Sunday 21 February 2016

Talking about fertility again, part 2

Here is part 2 of the contemplation I started a few days ago regarding possible ways of expanding our family. Apparently I ended that post on a cliffhanger. As I said in one comment, these questions have been rattling around in my head for so long I kind of forget everyone doesn't already know about them.

I recently had a few standard medical tests (hormone levels, pelvic ultrasound, and bone density scan) to check on how my POF is affecting my fertility and general health. I should have the results of those in a week or two. Meanwhile, we've started a conversation about what exactly we will consider to have a second child.

We may or may not be able to get pregnant again without intervention. Will the tests I just had, or hypothetical future tests, answer that question definitively? Who knows!  We thought two years ago we had a definitive answer, and then the unexpected happened. Pondering the chances of another conception without intervention feels like wandering around in a fog that sometimes recedes, then thickens and blocks everything from view. The next question feels like an amorphous shape looming in the fog, a stranger that I'm not sure I should approach or not.

If donor egg IVF (DEIVF) is our only chance to have another child, do we want to go for it?

Or, re-phrased as a negative: If DEIVF is our only chance to have another child, are we OK with not doing it?

Back when we were deciding what treatments we were willing to pursue, Mr. Turtle and I did an analysis of our priorities using the 8 factors listed in in the chapter "Planning Your Itinerary" in Melissa Ford's book Navigating the Land of IF.  I love this book! As Mel says "This chapter will provide you with the practical tools you need to be as strategic as possible in making decisions during your stay in the land of IF." Just reading the words "strategy" and "practical tools" I can feel the anxiety ebbing out of me like a big receding wave.

Here are the eight factors:

  • cost
  • certainty of reaching parenthood
  • sureness of leaving infertility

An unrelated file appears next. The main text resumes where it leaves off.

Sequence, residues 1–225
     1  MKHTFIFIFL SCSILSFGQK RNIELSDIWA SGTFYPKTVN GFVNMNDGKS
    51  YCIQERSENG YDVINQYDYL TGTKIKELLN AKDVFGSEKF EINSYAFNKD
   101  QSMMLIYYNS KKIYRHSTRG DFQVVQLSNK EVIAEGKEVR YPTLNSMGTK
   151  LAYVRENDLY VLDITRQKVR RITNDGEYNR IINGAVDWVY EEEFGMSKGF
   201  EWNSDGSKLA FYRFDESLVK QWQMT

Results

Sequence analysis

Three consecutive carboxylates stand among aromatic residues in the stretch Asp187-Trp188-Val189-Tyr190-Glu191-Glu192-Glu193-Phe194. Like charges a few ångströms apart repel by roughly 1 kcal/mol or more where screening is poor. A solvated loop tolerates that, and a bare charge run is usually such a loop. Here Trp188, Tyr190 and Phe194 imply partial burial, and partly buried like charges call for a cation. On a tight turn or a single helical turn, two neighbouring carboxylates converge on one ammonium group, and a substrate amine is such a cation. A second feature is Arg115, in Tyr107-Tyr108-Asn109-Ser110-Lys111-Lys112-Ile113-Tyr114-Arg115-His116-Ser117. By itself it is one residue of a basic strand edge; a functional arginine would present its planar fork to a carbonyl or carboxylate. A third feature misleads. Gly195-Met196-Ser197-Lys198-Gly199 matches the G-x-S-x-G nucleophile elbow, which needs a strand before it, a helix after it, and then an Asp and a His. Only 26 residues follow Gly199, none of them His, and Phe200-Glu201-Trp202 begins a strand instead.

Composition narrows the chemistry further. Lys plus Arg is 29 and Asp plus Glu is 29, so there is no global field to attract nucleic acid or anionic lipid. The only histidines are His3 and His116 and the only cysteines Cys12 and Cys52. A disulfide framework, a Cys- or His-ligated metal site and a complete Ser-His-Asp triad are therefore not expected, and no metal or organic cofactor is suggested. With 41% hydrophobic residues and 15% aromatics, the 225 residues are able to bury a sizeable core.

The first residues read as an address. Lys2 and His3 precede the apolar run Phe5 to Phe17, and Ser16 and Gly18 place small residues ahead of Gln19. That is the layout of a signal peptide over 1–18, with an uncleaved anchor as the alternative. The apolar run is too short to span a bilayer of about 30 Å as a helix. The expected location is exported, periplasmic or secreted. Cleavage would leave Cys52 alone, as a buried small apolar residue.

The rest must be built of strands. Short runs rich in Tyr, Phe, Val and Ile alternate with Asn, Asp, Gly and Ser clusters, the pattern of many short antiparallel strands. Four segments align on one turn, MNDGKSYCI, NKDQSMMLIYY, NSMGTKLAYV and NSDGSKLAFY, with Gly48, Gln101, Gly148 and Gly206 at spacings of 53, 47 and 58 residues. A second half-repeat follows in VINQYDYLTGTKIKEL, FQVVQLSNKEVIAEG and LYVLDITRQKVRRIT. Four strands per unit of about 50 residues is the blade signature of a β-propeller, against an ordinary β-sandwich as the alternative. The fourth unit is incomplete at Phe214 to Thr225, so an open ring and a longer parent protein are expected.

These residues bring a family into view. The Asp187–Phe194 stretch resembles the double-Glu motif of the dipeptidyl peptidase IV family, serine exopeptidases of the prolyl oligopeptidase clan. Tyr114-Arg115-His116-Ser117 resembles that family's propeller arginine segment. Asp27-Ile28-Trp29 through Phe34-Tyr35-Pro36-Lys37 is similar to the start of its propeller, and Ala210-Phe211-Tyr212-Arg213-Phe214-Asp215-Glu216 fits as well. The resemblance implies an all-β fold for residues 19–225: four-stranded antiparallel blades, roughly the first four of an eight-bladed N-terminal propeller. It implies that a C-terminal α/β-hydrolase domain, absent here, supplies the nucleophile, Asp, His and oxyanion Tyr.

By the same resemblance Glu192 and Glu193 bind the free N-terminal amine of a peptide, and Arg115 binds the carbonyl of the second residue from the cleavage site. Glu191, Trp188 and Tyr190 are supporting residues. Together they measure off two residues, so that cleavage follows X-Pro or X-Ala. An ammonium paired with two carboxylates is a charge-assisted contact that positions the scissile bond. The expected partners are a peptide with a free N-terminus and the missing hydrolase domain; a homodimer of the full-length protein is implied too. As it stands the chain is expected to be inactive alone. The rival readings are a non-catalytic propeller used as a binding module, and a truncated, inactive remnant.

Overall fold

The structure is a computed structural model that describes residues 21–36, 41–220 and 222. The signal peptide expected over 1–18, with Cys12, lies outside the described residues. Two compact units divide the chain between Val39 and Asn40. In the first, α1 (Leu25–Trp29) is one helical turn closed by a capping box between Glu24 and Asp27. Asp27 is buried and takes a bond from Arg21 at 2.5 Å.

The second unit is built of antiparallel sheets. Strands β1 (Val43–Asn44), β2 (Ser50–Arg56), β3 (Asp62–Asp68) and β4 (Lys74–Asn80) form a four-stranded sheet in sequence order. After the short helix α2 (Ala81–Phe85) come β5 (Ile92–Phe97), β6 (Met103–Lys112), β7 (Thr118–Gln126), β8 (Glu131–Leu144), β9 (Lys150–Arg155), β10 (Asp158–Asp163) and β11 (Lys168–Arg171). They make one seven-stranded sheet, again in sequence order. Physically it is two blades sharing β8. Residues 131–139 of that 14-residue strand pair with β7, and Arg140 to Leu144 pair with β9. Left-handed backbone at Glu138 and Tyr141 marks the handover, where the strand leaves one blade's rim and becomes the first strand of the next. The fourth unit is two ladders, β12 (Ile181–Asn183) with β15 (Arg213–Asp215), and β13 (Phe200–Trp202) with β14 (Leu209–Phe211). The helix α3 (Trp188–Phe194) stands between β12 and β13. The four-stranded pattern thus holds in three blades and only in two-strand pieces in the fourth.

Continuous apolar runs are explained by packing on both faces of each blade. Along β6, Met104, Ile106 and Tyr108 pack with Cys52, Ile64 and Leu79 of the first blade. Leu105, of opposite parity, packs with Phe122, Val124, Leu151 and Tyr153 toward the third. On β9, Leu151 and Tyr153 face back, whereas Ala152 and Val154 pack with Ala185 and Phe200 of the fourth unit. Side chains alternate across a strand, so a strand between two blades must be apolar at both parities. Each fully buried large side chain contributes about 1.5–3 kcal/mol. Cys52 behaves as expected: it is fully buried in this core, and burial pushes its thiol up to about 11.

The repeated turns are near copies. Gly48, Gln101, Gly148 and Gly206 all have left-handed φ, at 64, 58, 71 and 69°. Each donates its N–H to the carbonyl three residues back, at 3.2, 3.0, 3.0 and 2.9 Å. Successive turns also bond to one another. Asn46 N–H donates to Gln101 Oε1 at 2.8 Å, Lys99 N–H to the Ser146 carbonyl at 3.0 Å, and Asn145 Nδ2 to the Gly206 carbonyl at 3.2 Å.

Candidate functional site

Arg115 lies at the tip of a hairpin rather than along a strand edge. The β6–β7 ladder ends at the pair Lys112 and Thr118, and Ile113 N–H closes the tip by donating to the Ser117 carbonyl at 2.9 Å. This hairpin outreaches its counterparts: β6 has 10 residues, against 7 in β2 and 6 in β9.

• possibility of a genetic link
  • possibility of a biological link
  • amount of control over prenatal health
  • average speed of resolving infertility
  • importance of maternal age
Mel suggests that parents each rank these factors based on importance to them, and then compare their priorities, so that is what we did in 2013. We had the same top two priorities: Certainty of reaching parenthood, and amount of control over prenatal health. On number three we were different but subtly similar: Mr. Turtles's 3rd top factor was possibility of a genetic link, and mine was importance of maternal age.

Based on our top priorities of control over prenatal health, and certainty of reaching parenthood, we preferred DEIVF (or embryo adoption) over adoption as a Plan B (plan A being conception of a child with our genetic material).

So, what if anything has changed now?

Control over prenatal health is still a priority. If it's me that's pregnant, I know I can do everything in my power to provide for a healthy pregnancy.

Importance of a genetic link, this is a tough one. Before AJ's birth I didn't rank this too highly. It certainly was more important to me that I got to be pregnant and give birth to the baby than to be genetically related. Also, the narrative seemed straightforward enough: we want a child, my eggs don't work, so we use a donor. Insofar as these things are in any way straightforward. But now that we have a child genetically related to both of is, it feels more complicated.

I'm not exactly worried about feeling that a child conceived via donor isn't "mine." It's the subtler things.  See, AJ is not just my genetically related child, she's (TRIGGER WARNING: SMUG PARENT) such a perfectly perfect awesome child. She's healthy, beautiful, smart, sociable, affectionate, easy-going, eats well, teethes well and she (mostly) sleeps well. She's on the late side of normal for her gross motor development, but who cares. It's not just us; all our extended family and friends adore her and rave about how perfect and special she is. I know, I know: we'll have to cool it at some point so AJ doesn't become an entitled little narcissistic brat. Or maybe she will make it easy for us by turning into a terror at her next developmental stage.